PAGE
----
McCahill Group launches corporate ‘Make Your Move’

Wellness challenge tackles emotional and physical health through incentives.
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Weekly well-being is one of the three pillars of the monthlong Make Your Move program. The McCahill Group recommends taking up a creative hobby to stimulate imagination and artistry. Courtesy iStock

A local health consulting practice is launching a corporate challenge to help participants “live their best lives.”

Citing the fact that during the pandemic, employers have realized the need to address employees’ physical, mental and emotional wellness more holistically, The McCahill Group in May is launching a new challenge called Make Your Move.

The Make Your Move Challenge, $300 for four weeks, will strive to inspire positive change and help participants “learn, grow and elevate” themselves to be the best version of themselves. The challenge has three pillars: daily movement, weekly well-being and social engagement.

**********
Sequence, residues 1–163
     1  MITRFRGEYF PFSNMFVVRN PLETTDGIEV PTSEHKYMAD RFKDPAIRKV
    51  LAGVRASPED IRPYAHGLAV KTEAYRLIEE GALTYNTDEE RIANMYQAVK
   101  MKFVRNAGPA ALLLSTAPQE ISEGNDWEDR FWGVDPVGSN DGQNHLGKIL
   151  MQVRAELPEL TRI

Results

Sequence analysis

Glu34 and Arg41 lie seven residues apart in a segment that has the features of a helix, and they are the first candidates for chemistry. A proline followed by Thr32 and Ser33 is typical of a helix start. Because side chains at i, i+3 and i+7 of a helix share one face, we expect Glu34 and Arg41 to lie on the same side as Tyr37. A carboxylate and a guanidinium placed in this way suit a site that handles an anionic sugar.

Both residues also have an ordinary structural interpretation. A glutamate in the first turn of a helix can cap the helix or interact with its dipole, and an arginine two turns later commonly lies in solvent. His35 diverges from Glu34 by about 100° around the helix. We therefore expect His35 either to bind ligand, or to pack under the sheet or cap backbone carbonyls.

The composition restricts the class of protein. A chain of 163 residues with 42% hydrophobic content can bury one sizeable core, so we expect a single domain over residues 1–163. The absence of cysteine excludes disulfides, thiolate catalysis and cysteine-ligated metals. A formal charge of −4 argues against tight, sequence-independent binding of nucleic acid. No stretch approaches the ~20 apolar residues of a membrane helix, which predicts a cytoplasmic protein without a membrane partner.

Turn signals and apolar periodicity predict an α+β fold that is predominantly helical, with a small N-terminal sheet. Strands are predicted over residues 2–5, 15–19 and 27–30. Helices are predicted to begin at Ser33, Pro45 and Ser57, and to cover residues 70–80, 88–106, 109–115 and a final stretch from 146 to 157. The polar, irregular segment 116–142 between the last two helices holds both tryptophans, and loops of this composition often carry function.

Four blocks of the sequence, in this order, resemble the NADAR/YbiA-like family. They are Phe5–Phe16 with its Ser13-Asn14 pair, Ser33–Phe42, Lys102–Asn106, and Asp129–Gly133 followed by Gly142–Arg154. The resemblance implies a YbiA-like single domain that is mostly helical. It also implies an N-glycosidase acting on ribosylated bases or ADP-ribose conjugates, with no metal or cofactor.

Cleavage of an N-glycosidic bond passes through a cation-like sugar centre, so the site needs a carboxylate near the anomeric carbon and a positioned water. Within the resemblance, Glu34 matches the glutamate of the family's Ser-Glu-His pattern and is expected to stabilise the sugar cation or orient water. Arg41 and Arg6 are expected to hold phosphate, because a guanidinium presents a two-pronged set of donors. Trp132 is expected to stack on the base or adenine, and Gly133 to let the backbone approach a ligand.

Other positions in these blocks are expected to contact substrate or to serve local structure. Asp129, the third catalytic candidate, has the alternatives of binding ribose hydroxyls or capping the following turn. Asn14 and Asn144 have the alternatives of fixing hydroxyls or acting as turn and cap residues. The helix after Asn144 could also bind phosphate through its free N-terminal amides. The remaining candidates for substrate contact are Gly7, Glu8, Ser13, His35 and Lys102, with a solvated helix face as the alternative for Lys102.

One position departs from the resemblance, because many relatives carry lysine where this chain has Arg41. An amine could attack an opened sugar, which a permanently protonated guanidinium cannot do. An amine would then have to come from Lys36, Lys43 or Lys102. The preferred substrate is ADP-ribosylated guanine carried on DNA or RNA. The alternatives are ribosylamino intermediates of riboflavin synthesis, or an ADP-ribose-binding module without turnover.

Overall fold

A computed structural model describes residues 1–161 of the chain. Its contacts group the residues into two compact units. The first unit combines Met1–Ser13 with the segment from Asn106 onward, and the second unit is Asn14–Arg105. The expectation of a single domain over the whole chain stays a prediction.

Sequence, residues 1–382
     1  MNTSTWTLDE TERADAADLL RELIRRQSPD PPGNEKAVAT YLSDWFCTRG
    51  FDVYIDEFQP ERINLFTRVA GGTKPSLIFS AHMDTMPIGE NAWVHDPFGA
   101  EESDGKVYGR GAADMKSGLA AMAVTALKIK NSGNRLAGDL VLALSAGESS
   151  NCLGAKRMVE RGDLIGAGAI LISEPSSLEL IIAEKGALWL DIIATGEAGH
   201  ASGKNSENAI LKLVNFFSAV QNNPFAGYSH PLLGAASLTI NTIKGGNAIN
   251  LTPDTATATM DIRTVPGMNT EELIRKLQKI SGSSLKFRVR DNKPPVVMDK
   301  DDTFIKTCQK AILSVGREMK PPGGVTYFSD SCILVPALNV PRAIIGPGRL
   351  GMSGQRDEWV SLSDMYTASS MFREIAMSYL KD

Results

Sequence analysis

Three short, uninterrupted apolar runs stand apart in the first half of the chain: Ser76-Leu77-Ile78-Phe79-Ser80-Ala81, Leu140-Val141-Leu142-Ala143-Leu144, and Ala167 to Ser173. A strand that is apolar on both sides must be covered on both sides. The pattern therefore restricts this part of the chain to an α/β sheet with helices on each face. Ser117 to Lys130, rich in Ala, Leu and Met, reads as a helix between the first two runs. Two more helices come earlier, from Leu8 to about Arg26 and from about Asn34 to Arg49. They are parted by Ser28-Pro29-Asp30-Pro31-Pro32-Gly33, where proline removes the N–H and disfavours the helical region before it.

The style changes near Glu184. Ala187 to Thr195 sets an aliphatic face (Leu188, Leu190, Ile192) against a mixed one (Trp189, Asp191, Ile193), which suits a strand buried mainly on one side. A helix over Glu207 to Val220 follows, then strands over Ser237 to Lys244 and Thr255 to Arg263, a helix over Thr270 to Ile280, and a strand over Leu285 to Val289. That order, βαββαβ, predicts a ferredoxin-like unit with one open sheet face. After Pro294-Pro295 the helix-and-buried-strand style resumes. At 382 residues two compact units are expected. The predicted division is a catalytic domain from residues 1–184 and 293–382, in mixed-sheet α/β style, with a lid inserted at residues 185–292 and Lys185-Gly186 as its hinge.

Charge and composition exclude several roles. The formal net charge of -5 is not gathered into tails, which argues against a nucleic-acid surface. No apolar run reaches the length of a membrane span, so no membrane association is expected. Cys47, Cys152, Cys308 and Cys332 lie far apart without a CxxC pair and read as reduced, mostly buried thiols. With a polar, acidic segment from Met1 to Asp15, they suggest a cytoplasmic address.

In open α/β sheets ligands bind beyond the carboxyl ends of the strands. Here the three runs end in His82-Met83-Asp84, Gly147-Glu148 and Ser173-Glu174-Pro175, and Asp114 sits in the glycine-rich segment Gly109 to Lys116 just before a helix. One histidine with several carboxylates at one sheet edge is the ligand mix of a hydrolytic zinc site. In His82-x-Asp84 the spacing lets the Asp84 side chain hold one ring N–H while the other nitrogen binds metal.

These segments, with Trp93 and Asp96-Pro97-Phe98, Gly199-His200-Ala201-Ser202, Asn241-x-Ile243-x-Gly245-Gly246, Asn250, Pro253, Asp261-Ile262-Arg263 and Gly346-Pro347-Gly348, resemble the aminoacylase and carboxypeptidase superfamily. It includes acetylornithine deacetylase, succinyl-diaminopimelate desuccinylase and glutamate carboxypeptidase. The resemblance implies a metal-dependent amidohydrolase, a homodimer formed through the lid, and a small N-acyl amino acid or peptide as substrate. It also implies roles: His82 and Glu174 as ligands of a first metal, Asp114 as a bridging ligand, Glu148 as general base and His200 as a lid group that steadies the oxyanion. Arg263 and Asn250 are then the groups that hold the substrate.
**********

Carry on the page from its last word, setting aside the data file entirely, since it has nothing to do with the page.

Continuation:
Beginning May 2, participants on Make Your Move company teams will receive weekly challenge content on a web platform or mobile app supporting their move toward better physical and emotional health.

After participants join, they can use the platforms to log movement minutes and well-being tasks and to engage socially by posting photos and sharing comments. Logging the various aspects of the challenge will earn users points that then will be applied toward team and individual totals, giving participants the opportunity to qualify for the individual weekly and grand prize drawings.